Empowered by faith, consistently and prayerfully, we need to find our way back to civility. That begins with stepping out of our comfort zones in an effort to bridge divisions. We see that in the many conservative pastors who are helping lead the way to fix our broken immigration system. We see that in the evangelical leaders who are rallying their congregations to protect our planet. We see that in the increasing recognition among progressives that government can’t solve all of our problems, and that talking about values like responsible fatherhood and healthy marriages are integral to any anti-poverty agenda.
Civility also requires relearning how to disagree without being disagreeable; understanding, as President Kennedy said, that “civility is not a sign of weakness.” Now, I’m not always right. Just ask Michelle. But you can question my policies without questioning my faith. Challenging each other’s ideas can renew our democracy. But when we challenge each other’s motives, it becomes harder to see what we hold in common. It becomes harder to see that we share the same dreams – even when we do not share the same plans for how to fulfill them.
We may disagree about the best way to reform our health care system, but surely we can agree that no one ought to go broke because they got sick in the richest nation on Earth. We can take different approaches to ending inequality, but surely we can agree on the need to lift our children from ignorance; to lift our neighbors from poverty. We may disagree about gay marriage, but surely we can agree that it is unconscionable to target gays and lesbians for who they are – whether it’s here in the United States of America, or more extremely, in the odious laws that have been proposed in Uganda.
Surely we can agree to find common ground when possible, while parting ways when necessary. In doing so, let us be guided by our faith, and by prayer. For while prayer can buck us up when we are down; keep us calm in a storm; and stiffen our spines to surmount an obstacle, prayer can also do something else. It can touch our hearts with humility. Fill us with a spirit of brotherhood. And remind us that we are all – every one of us – children of an awesome God.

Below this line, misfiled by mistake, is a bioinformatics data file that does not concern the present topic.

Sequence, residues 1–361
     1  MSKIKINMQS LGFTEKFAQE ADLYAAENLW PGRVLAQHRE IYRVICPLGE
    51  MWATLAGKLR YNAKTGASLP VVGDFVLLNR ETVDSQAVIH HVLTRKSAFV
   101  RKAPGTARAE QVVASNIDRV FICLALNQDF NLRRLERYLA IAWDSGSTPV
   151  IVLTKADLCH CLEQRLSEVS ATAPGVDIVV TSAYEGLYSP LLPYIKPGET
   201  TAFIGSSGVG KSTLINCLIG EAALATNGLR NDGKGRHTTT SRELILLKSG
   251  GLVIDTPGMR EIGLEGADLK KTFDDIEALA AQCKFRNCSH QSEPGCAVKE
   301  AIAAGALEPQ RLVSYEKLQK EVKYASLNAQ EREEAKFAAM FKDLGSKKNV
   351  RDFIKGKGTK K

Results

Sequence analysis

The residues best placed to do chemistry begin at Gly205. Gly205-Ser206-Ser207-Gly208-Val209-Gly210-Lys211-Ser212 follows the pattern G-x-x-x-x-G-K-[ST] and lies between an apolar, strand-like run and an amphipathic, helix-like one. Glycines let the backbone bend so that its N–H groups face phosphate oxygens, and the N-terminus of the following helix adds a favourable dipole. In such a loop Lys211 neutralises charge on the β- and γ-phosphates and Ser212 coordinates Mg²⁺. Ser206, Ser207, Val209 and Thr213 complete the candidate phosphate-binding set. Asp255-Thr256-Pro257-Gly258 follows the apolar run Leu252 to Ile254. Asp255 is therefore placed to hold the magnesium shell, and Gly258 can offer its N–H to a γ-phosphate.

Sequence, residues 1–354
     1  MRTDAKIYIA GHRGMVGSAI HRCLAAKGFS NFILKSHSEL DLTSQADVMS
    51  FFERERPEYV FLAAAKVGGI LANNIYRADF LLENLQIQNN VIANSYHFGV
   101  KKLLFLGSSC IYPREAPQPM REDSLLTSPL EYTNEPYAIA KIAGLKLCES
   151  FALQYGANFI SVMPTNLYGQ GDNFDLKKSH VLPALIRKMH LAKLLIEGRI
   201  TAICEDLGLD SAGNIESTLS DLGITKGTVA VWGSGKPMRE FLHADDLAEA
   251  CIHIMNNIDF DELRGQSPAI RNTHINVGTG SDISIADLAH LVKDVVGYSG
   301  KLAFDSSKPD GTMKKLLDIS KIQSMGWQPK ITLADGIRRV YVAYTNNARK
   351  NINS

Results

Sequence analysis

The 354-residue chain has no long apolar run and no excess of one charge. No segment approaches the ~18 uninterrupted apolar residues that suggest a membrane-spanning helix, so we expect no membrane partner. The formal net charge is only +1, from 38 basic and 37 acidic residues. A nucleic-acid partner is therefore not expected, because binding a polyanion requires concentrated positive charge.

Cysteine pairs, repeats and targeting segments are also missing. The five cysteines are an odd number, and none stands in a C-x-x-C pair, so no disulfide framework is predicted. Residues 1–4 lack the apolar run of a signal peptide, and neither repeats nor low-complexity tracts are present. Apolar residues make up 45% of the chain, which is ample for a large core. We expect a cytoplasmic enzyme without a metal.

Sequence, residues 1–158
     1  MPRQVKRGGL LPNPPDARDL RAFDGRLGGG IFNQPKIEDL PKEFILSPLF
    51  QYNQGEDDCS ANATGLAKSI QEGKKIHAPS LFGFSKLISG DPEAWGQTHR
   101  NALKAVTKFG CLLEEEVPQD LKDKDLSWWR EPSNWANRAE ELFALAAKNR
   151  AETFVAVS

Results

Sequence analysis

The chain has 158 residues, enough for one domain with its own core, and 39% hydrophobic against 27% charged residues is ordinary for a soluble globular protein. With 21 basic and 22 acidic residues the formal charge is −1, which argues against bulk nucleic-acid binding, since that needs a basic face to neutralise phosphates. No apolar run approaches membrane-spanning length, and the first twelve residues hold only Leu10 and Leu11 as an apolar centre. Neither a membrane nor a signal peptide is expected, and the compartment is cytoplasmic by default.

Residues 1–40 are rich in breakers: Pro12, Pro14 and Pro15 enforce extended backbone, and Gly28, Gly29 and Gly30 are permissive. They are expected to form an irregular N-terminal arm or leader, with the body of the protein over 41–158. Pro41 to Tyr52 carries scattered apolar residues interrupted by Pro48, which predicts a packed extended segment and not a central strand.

Through faith, but not through faith alone, we can unite people to serve the common good. That is what my Office of Faith-Based and Neighborhood Partnerships has done since I announced it here last year. We’ve slashed red tape and built effective partnerships on a range of uses, from promoting fatherhood here at home to spearheading interfaith cooperation abroad. Through that Office, we have turned the faith-based initiative around to find common ground among people of all beliefs; and make an impact in a way that’s civil, respectful of difference, and focused on what matters most.
It is this spirit of civility that we are called to take up when we leave here today. I know that in difficult times like these – when pundits start shouting and politicians start calling each other names – it can seem like a return to civility is not possible, it can seem like the very idea is a relic of some bygone age.
But let us remember those who came before; those who believed in a brotherhood of man even when such a faith was tested. Remember Dr. Martin Luther King. Not long after an explosion ripped through his front porch, his wife and infant daughter inside, he rose to that pulpit in Montgomery, and said “Love is the only force capable of transforming an enemy into friend.” In the eyes of those who denied his humanity, he saw the face of God.
Remember Abraham Lincoln. On the eve of civil war, with states seceding and forces gathering, with a nation divided half slave and half free, he rose to deliver his first Inaugural and said, “We are not enemies, but friends…Though passion may have strained, it must not break our bonds of affection.” Even in the eyes of confederate soldiers, he saw the face of God.
Remember William Wilberforce, whose Christian faith led him to seek slavery’s abolition in Britain; who was vilified, derided, and attacked; but who called for “lessening prejudices [and] conciliating good-will, and thereby making way for the less obstructed progress of truth.” In the eyes of those who sought to silence a nation’s conscience, he saw the face of God.
So, yes, there are crimes of conscience that call us to action. Yes, there are causes that move our hearts and offenses that stir our souls. But progress doesn’t come when we demonize opponents. It is not born of righteous spite. Progress comes when we open our hearts, when we extend our hands, when we recognize our common humanity. Progress comes when we look into the eyes of another, and see the face of God. That we might do so – that we will do so – is my fervent prayer for our nation and the world. Thank you, God bless you, and may God bless the United States of America.
James Martin, SJ